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News Release

ISMP Alerts Healthcare Practitioners about Errors with New COVID-19 Vaccines

Since mid-December 2020, the Institute for Safe Medication Practices (ISMP) has received numerous reports of errors or hazards with the administration of COVID-19 vaccines as one of the most ambitious immunization campaigns in history has gotten underway. Reporting to the Vaccine Adverse Event Reporting System (VAERS) is mandatory for vaccines available under an Emergency Use Authorization (EUA). These reports were submitted to the ISMP National Vaccine Error Reporting Program (ISMP VERP) voluntarily. The free featured article in the January 14, 2021 ISMP Medication Safety Alert!® newsletter discusses possible causes and contributing factors and outlines lessons learned for healthcare organizations administering vaccines.

Main categories of errors being reported so far with vaccines under EUAs include:

  • Dilution Errors. Pfizer-BioNTech’s COVID-19 vaccine must be diluted with preservative-free sodium chloride injection. Multiple errors have occurred involving the addition of too little diluent, which results in administration of too much vaccine and potentially stronger adverse effects if they occur.

  • Mix-Ups with Look-Alike Products. Moderna’s COVID-19 vaccine and the new Regeneron monoclonal antibody, casirivimab, have been confused, likely due to labeling issues. Two versions of vial and carton labels for the Regeneron antibody exist, and neither version includes the name of the specific antibody, casirivimab, or has a functioning barcode.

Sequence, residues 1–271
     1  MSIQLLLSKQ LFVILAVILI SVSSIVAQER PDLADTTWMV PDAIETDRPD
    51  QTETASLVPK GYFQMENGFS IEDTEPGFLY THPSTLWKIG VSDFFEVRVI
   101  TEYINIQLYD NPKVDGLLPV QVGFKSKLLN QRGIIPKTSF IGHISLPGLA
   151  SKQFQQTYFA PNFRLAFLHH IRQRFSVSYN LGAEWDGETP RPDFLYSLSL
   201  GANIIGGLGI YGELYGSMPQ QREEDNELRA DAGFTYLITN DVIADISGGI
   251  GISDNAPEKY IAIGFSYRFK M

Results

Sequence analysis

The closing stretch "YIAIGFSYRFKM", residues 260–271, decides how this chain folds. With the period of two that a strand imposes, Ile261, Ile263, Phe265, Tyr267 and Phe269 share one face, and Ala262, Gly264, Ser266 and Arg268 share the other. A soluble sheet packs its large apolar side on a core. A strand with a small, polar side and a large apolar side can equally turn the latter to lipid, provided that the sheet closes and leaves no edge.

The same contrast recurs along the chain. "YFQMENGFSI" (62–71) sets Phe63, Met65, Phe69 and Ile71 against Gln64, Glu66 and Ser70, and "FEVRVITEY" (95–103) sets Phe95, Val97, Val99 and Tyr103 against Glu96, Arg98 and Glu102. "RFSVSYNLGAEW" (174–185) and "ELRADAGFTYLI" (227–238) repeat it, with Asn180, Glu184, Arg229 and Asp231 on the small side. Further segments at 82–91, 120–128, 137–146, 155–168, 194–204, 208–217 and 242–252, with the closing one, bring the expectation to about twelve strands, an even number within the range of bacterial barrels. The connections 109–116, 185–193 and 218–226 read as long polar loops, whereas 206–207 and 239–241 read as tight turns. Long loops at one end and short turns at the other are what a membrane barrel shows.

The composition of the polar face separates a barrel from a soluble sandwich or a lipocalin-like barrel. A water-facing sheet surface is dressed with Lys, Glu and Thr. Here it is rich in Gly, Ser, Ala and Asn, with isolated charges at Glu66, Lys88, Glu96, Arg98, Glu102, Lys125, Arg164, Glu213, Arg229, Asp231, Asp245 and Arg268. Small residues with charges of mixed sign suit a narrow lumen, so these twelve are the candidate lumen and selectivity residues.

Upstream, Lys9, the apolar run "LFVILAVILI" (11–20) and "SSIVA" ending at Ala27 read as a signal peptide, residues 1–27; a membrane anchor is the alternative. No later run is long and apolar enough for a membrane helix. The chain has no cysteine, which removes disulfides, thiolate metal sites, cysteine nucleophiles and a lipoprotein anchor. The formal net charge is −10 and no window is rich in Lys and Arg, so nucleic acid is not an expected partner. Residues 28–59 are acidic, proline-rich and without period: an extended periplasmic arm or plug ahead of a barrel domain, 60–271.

• Waste of Vaccine Doses. ISMP has received reports that some of the syringes being shipped as part of the federal COVID-19 response are not efficient enough to extract a sixth dose from the Pfizer-BioNTech vaccine vials or an eleventh dose from the Moderna vaccine. Since both vaccines must be used within six hours at room temperature, some facilities are scrambling to at the end of the day to use doses or have to discard them.

Other reported errors included a misspelling in an email address that resulted in the patient not receiving information on appointment to receive a second vaccine dose, vaccination of underage patients, and serious but not life-threatening allergic responses.

These voluntary reports are likely the tip of the iceberg, given the massive scope of the global COVID-19 vaccination campaign. Following are actions that healthcare organizations can take to help reduce risk.

  • Safely select vaccination sites. Allow enough space to assess patients prior to vaccination, observe them afterwards, and treat any who experience a reaction, while maintaining social distancing and other precautions.

  • Verify competency of vaccinators. Healthcare workers involved in vaccination campaigns should be educated regarding vaccine storage, preparation, administration, and common types of errors that can occur. Provide vaccinators with an up-to-date Fact Sheet for the vaccines being administered and verify their key competencies (full list is provided in newsletter article).